We have developed a new strategy to temporarily blunt the reticuloendothelial system uptake of nanodrugs, a major challenge for nanodrug delivery and causing off-target toxicities, using an FDA approved nutrition supplement, Intralipid. We have tested our methodology in rats using an experimental platinum-containing anti-cancer nanodrug and three FDA approved nanodrugs, Abraxane, Marqibo, and Onivyde, to determine their toxicities in liver, spleen, and kidney, with and without the addition of Intralipid. Our method illustrates its potentials to deliver nanodrugs with an increase in the bioavailability and a decrease in toxicities. Our study shows that Intralipid treatment exhibits no harmful effect on tumor growing and no negative effect on the anti-tumor efficacy of the platinum-containing nanodrug, as well as animal survival rate in a HT-29 xenograft mouse model. Our methodology could also be a valuable complement/supplement to the “stealth” strategies. Our approach is a general one applicable to any approved and in-development nanodrugs without additional modification of the nanodrugs, thus facilitating its translation to clinical settings.
Nanoparticle-based anti-cancer drugs have been developed over the past three decades for treatment of different types of cancer1,2,3. Seven anti-cancer nanodrugs, i.e., Abraxane, DaunoXome, DepoCyt, Doxil, Marqubio, Oncaspar, and Onivyde, have been approved by the Food and Drug Administration (FDA). Over thirty nanodrugs are under current clinical trial investigations. Major advantages for nanodrugs, i.e., nanoformulation of conventional anti-cancer drugs, are to enhance their delivery to tumor sites through the enhanced permeability and retention (EPR) effect4,5,6, reduce the toxicity of the drugs to non-targeting organs, and enhance pharmaceutical properties (e.g., bioavailability, solubility, and stability)1,2,3. Nanodrugs have the potential to provide more effective and safer treatment for cancer patients.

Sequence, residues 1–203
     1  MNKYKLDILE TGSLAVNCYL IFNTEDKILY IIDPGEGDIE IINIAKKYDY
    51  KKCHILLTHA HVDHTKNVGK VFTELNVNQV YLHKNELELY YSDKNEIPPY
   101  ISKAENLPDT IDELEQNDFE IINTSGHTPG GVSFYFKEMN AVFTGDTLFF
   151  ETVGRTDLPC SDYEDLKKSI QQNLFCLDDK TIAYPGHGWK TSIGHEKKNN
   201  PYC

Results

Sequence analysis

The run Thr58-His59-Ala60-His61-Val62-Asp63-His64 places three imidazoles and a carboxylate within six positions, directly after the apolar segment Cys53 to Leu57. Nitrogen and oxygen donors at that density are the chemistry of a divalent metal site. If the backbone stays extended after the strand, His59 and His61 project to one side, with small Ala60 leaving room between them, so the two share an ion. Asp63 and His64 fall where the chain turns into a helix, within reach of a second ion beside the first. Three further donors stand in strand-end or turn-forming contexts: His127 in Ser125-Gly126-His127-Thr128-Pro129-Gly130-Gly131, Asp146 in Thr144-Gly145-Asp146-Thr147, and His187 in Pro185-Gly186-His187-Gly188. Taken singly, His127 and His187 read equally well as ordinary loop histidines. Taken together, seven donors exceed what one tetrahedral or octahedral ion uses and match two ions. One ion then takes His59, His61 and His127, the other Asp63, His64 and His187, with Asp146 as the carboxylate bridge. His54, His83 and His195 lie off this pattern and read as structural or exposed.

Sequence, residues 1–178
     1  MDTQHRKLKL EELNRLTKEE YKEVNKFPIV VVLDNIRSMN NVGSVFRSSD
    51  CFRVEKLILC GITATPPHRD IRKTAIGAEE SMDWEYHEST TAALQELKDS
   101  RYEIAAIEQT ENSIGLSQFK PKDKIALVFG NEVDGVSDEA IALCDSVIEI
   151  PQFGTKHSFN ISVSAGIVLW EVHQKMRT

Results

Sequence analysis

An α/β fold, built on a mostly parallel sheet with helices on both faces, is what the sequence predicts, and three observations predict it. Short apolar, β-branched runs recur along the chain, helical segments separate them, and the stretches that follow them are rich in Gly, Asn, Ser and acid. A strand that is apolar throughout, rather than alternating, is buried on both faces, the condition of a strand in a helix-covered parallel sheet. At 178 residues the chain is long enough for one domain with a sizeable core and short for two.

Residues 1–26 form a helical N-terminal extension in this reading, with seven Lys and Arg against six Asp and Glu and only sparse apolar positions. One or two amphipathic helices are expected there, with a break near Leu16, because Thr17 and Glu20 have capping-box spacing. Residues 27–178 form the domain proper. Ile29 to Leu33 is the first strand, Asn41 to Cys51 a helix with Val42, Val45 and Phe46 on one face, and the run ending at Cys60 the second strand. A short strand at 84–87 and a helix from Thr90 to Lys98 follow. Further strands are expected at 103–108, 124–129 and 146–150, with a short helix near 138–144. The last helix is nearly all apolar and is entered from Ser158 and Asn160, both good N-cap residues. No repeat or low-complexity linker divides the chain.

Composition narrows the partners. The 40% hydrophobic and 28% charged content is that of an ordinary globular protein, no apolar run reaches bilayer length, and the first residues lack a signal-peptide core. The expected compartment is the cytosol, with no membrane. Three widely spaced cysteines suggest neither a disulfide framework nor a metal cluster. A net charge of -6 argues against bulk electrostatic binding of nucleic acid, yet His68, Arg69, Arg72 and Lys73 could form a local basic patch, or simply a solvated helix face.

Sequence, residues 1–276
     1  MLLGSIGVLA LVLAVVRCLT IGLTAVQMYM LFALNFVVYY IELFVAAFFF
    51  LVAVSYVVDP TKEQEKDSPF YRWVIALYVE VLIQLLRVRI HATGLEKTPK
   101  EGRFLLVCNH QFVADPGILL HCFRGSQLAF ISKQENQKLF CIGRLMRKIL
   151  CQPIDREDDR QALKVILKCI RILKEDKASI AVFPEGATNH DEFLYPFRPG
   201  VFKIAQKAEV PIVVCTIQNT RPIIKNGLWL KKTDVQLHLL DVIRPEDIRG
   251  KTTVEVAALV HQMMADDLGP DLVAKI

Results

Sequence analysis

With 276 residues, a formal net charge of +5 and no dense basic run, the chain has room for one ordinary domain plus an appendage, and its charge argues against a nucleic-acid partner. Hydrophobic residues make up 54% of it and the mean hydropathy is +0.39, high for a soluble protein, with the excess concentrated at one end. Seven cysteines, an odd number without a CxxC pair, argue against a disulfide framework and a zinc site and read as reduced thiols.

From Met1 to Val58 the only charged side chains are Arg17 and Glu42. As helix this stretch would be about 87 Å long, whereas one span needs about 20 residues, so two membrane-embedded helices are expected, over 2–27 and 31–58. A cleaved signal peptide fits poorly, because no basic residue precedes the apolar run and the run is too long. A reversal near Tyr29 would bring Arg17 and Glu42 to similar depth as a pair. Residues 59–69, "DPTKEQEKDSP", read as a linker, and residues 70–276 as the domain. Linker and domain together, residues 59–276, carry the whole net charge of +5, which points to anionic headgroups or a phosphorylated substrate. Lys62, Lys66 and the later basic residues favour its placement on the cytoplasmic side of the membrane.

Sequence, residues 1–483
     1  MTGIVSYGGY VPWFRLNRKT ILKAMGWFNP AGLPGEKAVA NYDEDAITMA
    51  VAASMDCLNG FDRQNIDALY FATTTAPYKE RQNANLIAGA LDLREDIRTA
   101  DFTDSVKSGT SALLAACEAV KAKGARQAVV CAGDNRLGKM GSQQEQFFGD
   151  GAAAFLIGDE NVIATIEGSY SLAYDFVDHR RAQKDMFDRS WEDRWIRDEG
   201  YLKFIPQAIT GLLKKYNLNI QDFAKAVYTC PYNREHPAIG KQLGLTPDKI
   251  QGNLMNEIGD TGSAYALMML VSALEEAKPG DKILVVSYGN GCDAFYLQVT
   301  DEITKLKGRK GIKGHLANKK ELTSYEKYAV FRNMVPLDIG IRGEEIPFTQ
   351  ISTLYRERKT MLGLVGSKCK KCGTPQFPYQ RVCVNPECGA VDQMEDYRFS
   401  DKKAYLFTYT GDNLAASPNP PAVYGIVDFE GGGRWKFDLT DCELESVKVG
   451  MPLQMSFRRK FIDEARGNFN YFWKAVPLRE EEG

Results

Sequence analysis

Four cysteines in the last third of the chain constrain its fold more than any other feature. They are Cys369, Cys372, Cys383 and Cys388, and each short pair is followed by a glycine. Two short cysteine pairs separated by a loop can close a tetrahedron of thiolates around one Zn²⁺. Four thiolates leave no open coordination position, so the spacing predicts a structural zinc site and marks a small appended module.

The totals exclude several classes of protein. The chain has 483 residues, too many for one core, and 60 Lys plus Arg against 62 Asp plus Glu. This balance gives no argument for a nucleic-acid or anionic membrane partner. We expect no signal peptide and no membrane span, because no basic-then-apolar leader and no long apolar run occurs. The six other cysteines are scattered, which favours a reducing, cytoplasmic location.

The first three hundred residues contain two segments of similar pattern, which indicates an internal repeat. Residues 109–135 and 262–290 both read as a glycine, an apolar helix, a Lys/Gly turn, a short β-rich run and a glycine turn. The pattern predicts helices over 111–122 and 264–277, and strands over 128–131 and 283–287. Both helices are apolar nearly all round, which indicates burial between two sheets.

A major challenge for the above-mentioned advantages and potentials of nanodrugs is their rapid uptake by the reticuloendothelial system (RES), especially by the liver and spleen1,3,7,8,9. After a systemic administration, nanodrugs are rapidly taken up by the phagocytic cells in the RES10. RES organs are the major ones competing with tumors for the delivery of anti-cancer nanodrugs1,7,8,9. This off-targeting accumulation not only decreases the bioavailability and tumor delivery of the nanodrugs, but also increases their toxic side effects to patients7,11,12,13.
Strategies to decrease the RES uptake of the nanodrugs can improve their tumor targeting and also decrease their off-target side effects. To achieve this goal, many studies have been conducted to modify the nanoparticle characteristics and surface properties, such as size, shape, charge, composition, tumor targeting moiety. Polyethylene glycol (PEG)9,14,15,16,17,18 is the most commonly used for the surface modification. However, the present status of using nanodrugs is that a very small fraction (0.7%, median) of the injected nanodrugs is delivered to tumors, as summarized by a recent analysis of the literature data during the past 10 years7. Moreover, from a toxicological perspective, the complexity of the nanoparticles can be counter-productive and also each additional modification could cause an extra risk of toxicity13. The RES uptake and the resulting toxicity are major challenges for the development and the clinical translation of nanodrugs, e.g., siRNA-based nanodrugs12,13,14.